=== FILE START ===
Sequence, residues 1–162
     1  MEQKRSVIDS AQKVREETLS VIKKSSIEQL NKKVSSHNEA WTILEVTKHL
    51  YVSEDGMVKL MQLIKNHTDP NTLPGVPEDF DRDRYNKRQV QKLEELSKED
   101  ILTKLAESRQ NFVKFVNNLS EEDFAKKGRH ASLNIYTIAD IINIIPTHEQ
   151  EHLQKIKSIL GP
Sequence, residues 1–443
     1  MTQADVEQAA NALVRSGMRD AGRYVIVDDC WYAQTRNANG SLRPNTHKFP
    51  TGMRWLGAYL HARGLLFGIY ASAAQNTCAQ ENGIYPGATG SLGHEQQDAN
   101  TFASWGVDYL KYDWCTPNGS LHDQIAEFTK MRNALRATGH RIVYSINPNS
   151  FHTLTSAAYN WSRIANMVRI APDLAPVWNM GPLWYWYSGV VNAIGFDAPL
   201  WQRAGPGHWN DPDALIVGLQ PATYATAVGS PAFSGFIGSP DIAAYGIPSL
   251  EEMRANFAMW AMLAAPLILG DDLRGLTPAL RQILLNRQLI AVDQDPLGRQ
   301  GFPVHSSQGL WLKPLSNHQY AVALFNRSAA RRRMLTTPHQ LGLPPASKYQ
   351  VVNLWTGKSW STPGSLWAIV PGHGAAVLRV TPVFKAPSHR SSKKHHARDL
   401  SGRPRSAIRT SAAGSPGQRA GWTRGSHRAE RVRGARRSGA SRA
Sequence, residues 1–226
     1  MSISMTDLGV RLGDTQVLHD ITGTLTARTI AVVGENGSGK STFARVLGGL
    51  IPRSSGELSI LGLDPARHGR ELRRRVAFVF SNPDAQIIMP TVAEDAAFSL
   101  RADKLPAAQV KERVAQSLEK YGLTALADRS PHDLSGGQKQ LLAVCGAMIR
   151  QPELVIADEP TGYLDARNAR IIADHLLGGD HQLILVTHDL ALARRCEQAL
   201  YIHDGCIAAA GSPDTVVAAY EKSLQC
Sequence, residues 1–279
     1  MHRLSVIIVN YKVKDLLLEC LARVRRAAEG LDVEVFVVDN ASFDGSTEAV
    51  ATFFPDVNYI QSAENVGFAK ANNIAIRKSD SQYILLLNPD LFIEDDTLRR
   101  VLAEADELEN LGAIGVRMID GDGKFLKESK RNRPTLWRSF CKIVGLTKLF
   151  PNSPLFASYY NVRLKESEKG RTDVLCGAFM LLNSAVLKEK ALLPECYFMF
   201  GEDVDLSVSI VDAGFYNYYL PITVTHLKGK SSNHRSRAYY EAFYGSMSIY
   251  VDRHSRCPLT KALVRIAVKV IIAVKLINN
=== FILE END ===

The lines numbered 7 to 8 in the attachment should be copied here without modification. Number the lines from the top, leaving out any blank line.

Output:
     1  MTQADVEQAA NALVRSGMRD AGRYVIVDDC WYAQTRNANG SLRPNTHKFP
    51  TGMRWLGAYL HARGLLFGIY ASAAQNTCAQ ENGIYPGATG SLGHEQQDAN